ITHACA, N.Y. (AP) — Upstate New York has a Tobacco Road feel these days.
Syracuse and Cornell — their campuses a mere 55 miles apart — are in the NCAA round of 16. Syracuse, the top seed in the West, is no great surprise. But Cornell, the 12th seed in the East, is the first Ivy League school to get this far since Penn in 1979.
“It’s exciting. It’s great for this area,” Cornell’s 7-foot center Jeff Foote, who grew up less than an hour away in Lockwood, N.Y., said Monday before the Big Red practiced. “I definitely don’t think this area is usually known as a basketball power, with the exception of Syracuse. It’s great to see two teams in the Sweet 16 representing upstate New York so well.”
A year ago New York had four teams in the tournament — Syracuse, Cornell, Binghamton, and Siena, and only Ohio had more. Siena made the tournament again this year for the third straight time and sixth overall, but the Saints lost to Purdue in the opening round.
On Thursday night at the Carrier Dome, Syracuse’s home court, Cornell will face top-seeded Kentucky in the East Regional. Meanwhile, the Orange play No. 5 Butler on Thursday in Salt Lake City.
Syracuse is the signature program in upstate New York and the Orange have never had another team from so close tag along with them so deep into the tournament. That it’s an Ivy League school makes it that much more amazing.
“I don’t think we should be surprised with the Cuse. It’s the norm,” said Cornell coach Steve Donahue, who could easily count the number of fans inside the 4,400-seat Newman Arena when he first took over a decade ago. “Obviously, it’s different down here. What I love is the area has embraced our team. They love college basketball.”
Newman Arena was filled to 90 percent capacity during the season, including a handful of sellouts. On Selection Sunday it was a madhouse, even though Cornell had won the conference championship the past three years.
The worldwide popularity that basketball enjoys today can be traced to Syracuse — it was the birthplace of the shot clock in 1954. Danny Biasone, one of the NBA’s founding fathers as owner of the Syracuse Nationals from 1946-63, and Leo Ferris, his general manager, introduced the 24-second shot clock in a scrimmage in a small gym at Biasone’s alma mater — Blodgett Vocational High School in Syracuse.
Renowned coaches Red Auerbach and Clair Bee were there, and they watched as Dolph Schayes, star of the Nats and the league’s first true power forward, joined a handful of other NBA players trying to get off decent shots.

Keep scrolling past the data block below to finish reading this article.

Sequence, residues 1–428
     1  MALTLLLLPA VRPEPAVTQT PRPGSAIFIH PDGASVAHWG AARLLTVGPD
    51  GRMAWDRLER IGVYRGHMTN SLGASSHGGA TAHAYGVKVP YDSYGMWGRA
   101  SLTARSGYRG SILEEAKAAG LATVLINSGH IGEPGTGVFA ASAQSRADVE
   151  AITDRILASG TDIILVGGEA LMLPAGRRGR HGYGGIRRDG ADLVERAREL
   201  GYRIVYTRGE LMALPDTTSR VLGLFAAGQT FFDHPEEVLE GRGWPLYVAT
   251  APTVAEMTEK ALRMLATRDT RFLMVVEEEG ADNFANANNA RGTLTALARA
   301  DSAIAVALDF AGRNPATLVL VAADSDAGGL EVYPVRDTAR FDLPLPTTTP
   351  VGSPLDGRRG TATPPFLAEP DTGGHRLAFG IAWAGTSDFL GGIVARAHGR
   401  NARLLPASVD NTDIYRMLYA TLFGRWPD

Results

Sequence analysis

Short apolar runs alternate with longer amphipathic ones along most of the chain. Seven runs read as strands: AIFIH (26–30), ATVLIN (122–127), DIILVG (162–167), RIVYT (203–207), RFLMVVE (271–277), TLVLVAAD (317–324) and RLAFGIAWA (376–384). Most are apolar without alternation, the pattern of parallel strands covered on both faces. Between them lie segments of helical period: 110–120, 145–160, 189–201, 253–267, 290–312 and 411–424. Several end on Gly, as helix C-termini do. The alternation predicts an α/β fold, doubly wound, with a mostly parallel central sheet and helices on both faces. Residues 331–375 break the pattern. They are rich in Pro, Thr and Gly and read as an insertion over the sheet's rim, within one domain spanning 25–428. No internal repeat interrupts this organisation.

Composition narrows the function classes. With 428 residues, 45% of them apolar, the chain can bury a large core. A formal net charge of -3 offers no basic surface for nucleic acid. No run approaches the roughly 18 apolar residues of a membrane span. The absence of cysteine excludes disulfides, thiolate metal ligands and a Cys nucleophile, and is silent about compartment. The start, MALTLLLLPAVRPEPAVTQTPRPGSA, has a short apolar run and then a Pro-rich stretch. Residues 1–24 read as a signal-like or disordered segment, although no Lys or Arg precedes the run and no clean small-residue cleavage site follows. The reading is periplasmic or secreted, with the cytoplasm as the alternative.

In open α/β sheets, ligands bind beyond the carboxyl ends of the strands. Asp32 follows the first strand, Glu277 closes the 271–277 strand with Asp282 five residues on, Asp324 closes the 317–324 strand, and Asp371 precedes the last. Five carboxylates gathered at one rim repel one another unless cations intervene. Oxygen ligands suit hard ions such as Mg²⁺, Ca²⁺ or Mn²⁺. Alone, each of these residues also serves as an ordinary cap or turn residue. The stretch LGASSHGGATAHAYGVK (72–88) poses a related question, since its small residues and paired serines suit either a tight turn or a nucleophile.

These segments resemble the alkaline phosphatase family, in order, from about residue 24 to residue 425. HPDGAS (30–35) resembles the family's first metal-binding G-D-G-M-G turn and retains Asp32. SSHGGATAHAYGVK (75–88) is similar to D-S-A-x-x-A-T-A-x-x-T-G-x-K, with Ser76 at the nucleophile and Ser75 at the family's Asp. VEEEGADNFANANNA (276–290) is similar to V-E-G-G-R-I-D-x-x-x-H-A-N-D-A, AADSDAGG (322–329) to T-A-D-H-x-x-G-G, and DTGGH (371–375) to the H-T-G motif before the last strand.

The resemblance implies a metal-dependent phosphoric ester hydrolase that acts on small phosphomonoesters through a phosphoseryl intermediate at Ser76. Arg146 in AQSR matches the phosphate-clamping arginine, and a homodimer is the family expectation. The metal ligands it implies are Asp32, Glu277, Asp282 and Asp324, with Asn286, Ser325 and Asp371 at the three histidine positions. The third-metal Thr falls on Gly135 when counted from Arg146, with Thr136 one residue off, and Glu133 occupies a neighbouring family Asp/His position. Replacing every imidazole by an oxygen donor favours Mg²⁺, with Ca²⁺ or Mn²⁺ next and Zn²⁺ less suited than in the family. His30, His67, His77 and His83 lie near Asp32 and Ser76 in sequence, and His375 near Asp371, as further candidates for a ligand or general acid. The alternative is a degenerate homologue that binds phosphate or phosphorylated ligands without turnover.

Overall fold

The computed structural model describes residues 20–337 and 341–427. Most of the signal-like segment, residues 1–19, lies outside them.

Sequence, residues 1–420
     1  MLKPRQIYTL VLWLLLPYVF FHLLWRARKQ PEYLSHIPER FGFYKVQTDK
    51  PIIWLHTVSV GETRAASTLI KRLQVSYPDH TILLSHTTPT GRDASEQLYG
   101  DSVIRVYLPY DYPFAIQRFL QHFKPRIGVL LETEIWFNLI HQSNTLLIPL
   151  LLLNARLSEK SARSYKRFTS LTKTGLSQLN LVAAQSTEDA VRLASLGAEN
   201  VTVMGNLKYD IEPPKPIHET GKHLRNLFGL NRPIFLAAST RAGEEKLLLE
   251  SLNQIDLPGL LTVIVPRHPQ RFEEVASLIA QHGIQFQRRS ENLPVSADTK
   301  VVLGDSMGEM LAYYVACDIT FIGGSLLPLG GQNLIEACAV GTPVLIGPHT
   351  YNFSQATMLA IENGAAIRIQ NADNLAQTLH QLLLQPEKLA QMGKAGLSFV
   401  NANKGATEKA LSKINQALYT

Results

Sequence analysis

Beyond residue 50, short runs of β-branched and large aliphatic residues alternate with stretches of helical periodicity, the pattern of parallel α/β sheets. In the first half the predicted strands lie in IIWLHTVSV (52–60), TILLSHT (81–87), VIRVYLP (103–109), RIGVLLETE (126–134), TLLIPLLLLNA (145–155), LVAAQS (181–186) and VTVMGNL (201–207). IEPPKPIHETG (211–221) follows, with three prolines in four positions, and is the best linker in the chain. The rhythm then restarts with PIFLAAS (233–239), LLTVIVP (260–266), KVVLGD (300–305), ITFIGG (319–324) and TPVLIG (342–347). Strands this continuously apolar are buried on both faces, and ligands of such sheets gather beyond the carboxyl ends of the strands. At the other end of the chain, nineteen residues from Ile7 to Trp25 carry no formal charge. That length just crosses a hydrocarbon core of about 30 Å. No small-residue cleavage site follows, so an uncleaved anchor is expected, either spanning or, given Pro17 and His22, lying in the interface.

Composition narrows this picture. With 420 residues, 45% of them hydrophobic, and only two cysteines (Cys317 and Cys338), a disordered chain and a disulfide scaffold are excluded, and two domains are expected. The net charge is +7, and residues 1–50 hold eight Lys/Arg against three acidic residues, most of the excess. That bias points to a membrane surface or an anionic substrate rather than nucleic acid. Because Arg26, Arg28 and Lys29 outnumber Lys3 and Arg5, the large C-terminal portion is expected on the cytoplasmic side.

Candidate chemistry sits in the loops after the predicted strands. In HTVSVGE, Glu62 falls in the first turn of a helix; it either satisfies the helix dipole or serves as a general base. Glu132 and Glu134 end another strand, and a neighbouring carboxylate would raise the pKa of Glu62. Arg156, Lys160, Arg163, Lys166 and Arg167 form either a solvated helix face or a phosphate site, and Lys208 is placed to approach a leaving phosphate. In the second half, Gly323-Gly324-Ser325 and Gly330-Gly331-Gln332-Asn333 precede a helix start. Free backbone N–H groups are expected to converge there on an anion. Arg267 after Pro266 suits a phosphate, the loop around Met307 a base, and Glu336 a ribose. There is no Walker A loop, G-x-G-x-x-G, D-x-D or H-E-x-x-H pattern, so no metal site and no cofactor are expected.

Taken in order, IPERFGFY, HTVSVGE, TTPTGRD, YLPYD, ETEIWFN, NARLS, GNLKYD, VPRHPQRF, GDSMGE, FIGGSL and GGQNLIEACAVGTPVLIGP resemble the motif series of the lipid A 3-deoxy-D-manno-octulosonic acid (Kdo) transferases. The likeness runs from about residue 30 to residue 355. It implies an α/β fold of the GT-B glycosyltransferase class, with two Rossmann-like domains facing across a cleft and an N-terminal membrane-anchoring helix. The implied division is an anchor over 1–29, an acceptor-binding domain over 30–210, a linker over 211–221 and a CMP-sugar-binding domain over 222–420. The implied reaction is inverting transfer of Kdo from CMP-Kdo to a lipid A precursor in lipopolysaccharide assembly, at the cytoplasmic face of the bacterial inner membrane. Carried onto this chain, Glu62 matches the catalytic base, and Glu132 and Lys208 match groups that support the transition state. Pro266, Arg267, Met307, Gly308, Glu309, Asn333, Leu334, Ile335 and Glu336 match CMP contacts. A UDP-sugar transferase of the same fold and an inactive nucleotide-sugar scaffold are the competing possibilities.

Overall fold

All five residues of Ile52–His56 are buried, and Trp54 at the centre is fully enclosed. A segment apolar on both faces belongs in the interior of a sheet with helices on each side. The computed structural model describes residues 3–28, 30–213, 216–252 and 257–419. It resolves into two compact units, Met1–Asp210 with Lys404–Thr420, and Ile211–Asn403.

Biasone and Ferris arrived at a 24-second limit by dividing the number of seconds in a 48-minute game (2,880) by the average number of shots taken in a game (120). Biasone, who scribbled his ideas on napkins and the backs of bowling sheets, theorized that teams would use the entire time to shoot, so he figured they would still average 60 shots but play a faster game.
League officials were quickly sold on the idea, first suggested by former Oregon and Yale coach Howard Hobson, and turned the shot clock into a rule. The players adjusted in a heartbeat and scoring increased dramatically, drawing new fans to a league that had been fighting to survive.
And the Nationals thrived, winning the league title in 1955 with Schayes leading the charge.
“One of the things that led to its popularity here is that they had a professional team here for almost 20 years. I think the popularity of basketball here was definitely tied to the Syracuse Nationals,” Schayes, now 81 and still a resident of Syracuse, said Monday. “Syracuse was often referred to as the Green Bay of the NBA — sort of a David versus Goliath syndrome. We were immensely popular because we were on equal footing with all of the big-city franchises, and this area is a blue-collar area. There was a great reservoir of blue-collar workers, and blue-collar people love sports.”
A monument to the 24-second clock was dedicated five years ago in downtown Syracuse, where Jim Boeheim has built a powerhouse in his 34 years as coach of the Orange. Boeheim, a high school player from Lyons, N.Y., about an hour west of Syracuse, starred at the university in the 1960s.
Cornell is Syracuse’s second most-common opponent — they have played 117 times (the Orange have won the last 32). And if each team wins three more games, they would face each other for the national championship in Indianapolis.
A pipe dream? Probably, but the Big Red like to dream.
“If Syracuse and us meet up in the finals, it would be a historic occasion,” Foote said. “We’ll see.”
“It would be like a lacrosse final,” Donahue said. “We need a rematch.”